Actors and actresses with “bad boy” or “troubled” images, or problems with issues of anger and acting out, have included Christian Bale, Shia Labeouf and many other talented performers.
Dr. Arutt notes this kind of behavior is based on underlying emotional challenges, and that people (not just actors and performers) “Aren’t doing it to have fun.”
[Continued from Part 1]
Creative work reflects your state of mind
Painter Gayle Stott Lowry also talks about attending a program at the Lucy Daniels Foundation:
“I attended Lucy’s class on Dreams and Creativity, and during a presentation I made to the class about my work, I began to see that changes in my painting were paralleling my personal life and giving me direct feedback about my emotional state.
“My calm landscapes became more melancholy, lighting changed from sunny daylit scenes to sunset, dusk, and eventually, night time.”
[See her photo in Part 1.]
This is one of the values of creative expression for self-awareness and healing: our work can reflect back to us qualities of our state of mind when creating.
Lena Dunham is the creator, executive producer, and one of the stars of the HBO series “Girls” about four young women living in New York. She bases the acclaimed show on many of her own experiences.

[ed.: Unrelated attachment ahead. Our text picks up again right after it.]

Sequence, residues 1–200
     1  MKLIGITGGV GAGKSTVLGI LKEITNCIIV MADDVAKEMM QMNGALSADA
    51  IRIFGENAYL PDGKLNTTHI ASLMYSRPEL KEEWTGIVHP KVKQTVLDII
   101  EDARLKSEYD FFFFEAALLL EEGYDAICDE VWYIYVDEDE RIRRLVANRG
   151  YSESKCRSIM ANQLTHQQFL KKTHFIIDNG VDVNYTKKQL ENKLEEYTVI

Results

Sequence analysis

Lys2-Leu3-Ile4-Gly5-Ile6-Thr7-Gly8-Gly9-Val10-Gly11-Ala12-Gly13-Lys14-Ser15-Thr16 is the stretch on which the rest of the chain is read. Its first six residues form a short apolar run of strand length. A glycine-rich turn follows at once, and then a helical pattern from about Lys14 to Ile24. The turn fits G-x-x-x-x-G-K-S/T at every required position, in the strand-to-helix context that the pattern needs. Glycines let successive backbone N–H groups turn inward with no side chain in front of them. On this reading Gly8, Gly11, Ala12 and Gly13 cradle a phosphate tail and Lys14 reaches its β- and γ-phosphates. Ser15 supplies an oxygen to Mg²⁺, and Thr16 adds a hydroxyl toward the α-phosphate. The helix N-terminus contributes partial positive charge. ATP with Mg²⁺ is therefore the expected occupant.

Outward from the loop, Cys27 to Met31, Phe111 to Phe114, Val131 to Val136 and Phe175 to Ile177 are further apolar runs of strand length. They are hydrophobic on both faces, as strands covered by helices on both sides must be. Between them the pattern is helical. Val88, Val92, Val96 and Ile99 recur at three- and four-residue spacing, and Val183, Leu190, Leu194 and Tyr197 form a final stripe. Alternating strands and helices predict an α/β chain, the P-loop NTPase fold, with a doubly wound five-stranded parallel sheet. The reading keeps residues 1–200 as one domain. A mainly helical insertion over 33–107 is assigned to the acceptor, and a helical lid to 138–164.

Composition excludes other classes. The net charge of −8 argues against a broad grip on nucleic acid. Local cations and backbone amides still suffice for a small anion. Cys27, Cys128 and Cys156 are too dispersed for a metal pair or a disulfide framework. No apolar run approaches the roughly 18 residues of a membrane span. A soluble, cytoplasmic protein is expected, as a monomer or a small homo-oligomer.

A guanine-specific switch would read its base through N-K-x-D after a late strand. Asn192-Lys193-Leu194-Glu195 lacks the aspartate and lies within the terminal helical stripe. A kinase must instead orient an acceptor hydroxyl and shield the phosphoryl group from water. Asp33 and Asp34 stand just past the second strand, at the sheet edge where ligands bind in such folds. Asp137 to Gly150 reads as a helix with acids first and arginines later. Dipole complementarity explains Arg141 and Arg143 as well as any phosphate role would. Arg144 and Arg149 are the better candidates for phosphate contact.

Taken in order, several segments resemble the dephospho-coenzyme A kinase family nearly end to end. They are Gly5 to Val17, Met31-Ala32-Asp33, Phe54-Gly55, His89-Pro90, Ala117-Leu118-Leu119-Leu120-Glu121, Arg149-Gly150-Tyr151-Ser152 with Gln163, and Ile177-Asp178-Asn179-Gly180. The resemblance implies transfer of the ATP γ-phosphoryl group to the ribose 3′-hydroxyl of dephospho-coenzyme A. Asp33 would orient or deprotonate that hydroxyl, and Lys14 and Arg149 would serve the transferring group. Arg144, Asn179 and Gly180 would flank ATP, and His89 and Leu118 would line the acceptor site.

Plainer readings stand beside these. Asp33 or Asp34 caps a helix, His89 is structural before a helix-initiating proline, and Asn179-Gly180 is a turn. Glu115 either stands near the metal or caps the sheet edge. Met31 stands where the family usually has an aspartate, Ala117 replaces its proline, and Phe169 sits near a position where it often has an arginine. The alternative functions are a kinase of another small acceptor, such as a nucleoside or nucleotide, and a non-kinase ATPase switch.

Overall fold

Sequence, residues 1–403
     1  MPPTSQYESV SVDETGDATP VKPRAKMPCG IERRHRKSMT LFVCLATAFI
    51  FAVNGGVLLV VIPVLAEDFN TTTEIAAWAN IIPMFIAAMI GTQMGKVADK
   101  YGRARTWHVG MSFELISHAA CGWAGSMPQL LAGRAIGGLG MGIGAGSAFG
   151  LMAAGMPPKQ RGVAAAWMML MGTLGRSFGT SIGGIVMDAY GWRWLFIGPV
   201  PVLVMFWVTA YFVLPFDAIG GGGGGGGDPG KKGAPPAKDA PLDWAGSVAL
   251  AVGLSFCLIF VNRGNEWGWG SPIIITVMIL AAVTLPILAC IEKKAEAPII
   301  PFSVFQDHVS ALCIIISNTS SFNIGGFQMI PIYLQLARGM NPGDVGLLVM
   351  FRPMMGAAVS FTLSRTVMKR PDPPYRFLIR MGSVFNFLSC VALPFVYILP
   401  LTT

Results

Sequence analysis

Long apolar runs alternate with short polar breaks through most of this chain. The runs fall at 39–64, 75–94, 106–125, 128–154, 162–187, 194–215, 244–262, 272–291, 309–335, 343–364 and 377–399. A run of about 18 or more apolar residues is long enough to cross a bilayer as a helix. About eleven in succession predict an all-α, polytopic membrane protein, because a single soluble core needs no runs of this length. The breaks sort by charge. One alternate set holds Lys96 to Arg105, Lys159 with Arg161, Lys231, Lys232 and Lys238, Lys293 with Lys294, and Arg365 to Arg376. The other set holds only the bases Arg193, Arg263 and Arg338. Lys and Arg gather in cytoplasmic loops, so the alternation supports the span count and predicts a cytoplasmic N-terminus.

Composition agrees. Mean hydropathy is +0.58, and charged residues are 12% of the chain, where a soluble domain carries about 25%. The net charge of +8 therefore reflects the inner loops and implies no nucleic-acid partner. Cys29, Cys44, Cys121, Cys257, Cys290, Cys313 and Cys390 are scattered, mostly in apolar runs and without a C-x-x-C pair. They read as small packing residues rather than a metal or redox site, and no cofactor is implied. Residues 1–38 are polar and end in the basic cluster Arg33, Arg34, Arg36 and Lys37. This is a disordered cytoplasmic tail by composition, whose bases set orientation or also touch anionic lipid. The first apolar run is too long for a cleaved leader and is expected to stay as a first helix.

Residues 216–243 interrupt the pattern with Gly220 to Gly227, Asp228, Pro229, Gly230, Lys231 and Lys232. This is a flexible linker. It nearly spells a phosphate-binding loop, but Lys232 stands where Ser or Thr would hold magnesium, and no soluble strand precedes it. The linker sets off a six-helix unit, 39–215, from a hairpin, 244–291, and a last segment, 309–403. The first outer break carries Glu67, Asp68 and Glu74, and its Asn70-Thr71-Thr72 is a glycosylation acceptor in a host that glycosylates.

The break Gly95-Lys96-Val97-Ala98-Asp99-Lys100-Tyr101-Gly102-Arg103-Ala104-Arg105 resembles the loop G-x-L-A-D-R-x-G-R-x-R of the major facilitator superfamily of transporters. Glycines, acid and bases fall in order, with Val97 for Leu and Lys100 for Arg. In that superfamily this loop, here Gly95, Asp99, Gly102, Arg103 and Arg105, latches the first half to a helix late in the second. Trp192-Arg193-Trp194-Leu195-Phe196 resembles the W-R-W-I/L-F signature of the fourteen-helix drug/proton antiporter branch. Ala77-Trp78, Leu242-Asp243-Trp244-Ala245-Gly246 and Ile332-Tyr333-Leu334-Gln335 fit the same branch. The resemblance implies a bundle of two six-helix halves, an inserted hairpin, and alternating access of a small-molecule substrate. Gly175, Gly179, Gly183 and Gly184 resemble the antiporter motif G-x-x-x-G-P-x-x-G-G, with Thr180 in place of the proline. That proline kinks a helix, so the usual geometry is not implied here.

In a newspaper interview, she was asked, “How do you manage an awareness of the pitfalls of your age while you’re still in the midst of it?”
Dunham: “I’ve been in therapy since I was 7; that’s probably helpful. The way I process my experiences is to translate them into some artistic form. I don’t know another way to get through them.”
“Life without pain isn’t real at all.” Shia LaBeouf
Many people have had traumatic childhoods, and are drawn to creative expression as part of their way to deal with it, to heal and regain self esteem.
A number of talented actors have suffered traumatic experiences, including Ashley Judd, who was sexually abused; Charlize Theron, as a teen, saw her mother shoot her father in self defense; James Dean lost his mother to cancer when he was nine, and reportedly once told Elizabeth Taylor that he was sexually abused by a minister.
Shia LaBeouf started acting at age 12 to support his mother when his heroin-addicted father abandoned the family.
LaBeouf has said he was subjected to verbal and mental abuse by his father, who once pointed a gun at him during a Vietnam War flashback.
Depression impacts many people, including artists.
A fairly long list of visual artists who died by suicide includes photographer Diane Arbus (1923-1971), painters Arshile Gorky (1904-1948), Mark Rothko (1903-1970), Vincent van Gogh (1853-1890), and possibly Frida Kahlo (1907-1954).